America’s new Daniel K Inouye Solar Telescope has produced the most detailed solar images ever taken, showing structures as small as 30 kilometres.
To put that in perspective, says its director, Thomas Rimmele, the best prior images had resolutions of only 160 kilometres. The new ones are “a factor of five better”.
What they show are zones of churning plasma, each about the size of Texas. But within them are a plethora of smaller features, now revealed in intricate detail.
Eventually, scientists hope, these will increase our understanding of how heat rises from the Sun’s interior to its surface.
But that’s only part of what they hope the $US16 million solar telescope will eventually see.
One of the biggest questions about the Sun is why its corona is heated to millions of degrees, while its surface is only about 6000 degrees.
“This is counterintuitive,” Rimmele says. “As you move your hand away from a hot plate, you expect it to get cooler. But the Sun does the exact opposite.”
The answer probably lies in energy originating from the Sun’s powerful magnetic field, something the Inouye will be able to study in great detail once it is fully online, probably in June.
The telescope, which uses a four-metre primary mirror and an adaptive optics system that adjusts the image 2000 times a second to compensate for distortions from the Earth’s atmosphere, sits atop Hawaii’s 3100-metre Haleakala Volcano, on the island of Maui.
The image, Rimmele says, represents the project’s “first engineering light” – meaning it’s the first test-run, not quite the same as the more carefully calibrated scientific images that will eventually follow.
“First light is the moment of truth,” Rimmele says, adding that as the first images appeared, the atmosphere in the observatory “was similar to a rocket launch”.
One of the problems in designing such a large space telescope, he adds, was dealing with the amount of heat it produced.
“Imagine a four-metre magnifying glass,” he says. Then imagine using that magnifying glass to focus light from the Sun. If the result sounds like a solar furnace, you wouldn’t be far off. At the focus, Rimmele says, the temperature is hot enough to melt metal.
“To deal with these problems we make the equivalent of a swimming pool of ice every night to provide cooling,” he says. “[We also] have 7.5 miles [12 kilometres] of piping to distribute the coolant. The fact this complex machine delivered images of such quality right out of the box is amazing.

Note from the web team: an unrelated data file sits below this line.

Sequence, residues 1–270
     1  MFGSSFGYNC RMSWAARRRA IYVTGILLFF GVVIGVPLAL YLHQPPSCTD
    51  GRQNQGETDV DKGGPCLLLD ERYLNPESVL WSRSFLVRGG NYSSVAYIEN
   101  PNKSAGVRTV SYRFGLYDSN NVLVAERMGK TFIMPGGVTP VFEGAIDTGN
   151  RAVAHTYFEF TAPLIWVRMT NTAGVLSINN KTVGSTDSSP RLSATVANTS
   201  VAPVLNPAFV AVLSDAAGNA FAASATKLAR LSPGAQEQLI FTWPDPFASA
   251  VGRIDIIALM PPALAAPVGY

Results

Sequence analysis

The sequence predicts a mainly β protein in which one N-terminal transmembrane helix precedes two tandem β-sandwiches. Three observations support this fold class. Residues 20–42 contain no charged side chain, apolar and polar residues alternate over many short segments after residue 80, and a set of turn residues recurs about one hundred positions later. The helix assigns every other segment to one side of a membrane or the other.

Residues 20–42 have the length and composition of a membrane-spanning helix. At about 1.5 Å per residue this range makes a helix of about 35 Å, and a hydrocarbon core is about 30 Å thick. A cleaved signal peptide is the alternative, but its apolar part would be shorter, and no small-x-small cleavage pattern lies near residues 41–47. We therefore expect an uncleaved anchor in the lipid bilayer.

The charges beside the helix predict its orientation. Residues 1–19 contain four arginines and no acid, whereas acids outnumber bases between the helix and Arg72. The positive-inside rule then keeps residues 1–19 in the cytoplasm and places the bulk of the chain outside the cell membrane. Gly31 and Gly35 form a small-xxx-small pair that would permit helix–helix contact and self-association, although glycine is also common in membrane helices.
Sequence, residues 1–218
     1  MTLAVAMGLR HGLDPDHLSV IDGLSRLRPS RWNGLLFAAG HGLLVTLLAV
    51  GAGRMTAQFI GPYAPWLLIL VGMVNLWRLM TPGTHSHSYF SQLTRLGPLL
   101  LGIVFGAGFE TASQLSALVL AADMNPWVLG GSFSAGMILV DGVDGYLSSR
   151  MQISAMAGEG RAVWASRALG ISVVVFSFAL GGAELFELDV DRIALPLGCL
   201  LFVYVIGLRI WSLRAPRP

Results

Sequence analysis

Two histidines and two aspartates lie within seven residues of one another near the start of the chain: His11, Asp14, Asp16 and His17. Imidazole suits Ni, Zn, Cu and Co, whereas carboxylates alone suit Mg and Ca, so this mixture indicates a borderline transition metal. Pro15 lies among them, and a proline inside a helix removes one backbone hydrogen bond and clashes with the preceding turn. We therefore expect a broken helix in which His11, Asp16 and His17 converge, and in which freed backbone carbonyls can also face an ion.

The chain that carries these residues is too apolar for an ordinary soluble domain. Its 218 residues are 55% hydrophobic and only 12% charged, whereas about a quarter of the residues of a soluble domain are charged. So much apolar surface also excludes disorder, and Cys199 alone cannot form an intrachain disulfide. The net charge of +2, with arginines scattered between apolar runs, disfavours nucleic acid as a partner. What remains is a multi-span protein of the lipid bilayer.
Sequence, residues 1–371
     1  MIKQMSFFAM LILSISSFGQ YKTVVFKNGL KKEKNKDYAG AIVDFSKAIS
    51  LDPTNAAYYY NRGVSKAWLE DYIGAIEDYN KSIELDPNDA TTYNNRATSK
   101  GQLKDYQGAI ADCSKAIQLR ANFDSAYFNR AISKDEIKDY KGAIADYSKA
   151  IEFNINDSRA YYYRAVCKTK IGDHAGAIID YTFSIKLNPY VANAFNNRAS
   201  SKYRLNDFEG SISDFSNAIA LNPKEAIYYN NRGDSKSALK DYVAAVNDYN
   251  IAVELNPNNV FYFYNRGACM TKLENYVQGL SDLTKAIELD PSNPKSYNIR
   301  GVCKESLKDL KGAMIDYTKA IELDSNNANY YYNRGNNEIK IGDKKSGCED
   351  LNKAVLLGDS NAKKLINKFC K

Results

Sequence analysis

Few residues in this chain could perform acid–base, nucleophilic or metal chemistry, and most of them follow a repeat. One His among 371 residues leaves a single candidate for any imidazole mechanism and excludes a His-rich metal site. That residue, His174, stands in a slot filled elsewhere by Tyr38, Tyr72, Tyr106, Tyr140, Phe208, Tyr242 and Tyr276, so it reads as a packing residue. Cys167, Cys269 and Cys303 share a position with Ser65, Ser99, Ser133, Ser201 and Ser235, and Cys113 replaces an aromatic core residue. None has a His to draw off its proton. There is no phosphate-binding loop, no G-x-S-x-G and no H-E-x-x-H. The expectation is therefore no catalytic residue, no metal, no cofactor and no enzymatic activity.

Meanwhile, the goal is to connect results from Inouye with those from space missions, such as NASA’s Parker Solar Probe or the joint NASA/ESA Solar Orbiter, in order to study the Sun from two different perspectives, with an eye to determining how it produces flares and “space weather”.
These are potentially dangerous on Earth, where they can knock out power grids, interfere with GPS, upset communications, or otherwise disrupt modern technology.
For example, says Valentin Pillet, of the US National Science Foundation, the day Hurricane Irma made landfall in the Virgin Islands in 2017, communications between first responders and their central command were interrupted for eight hours by a space-weather event — in this case, a flare.
“So there we have an event on Earth, and an event on the Sun, which combined to make a clear threat.”
Image details: The picture above was taken at 789 nanometres (nm) and shows a pattern of turbulent “boiling” gas that covers the entire Sun. The cell-like structures are the signature of violent motions that transport heat from inside the Sun to its surface.
Hot solar material (plasma) rises in the bright centres of cells, cools off, then sinks below the surface in dark lanes in a process known as convection. In these dark lanes can also be seen the tiny, bright markers of magnetic fields. These are thought to channel energy up into the outer layers of the solar atmosphere called the corona.
Richard A Lovett
Richard A. Lovett is a Portland, Oregon-based science writer and science fiction author. He is a frequent contributor to COSMOS.
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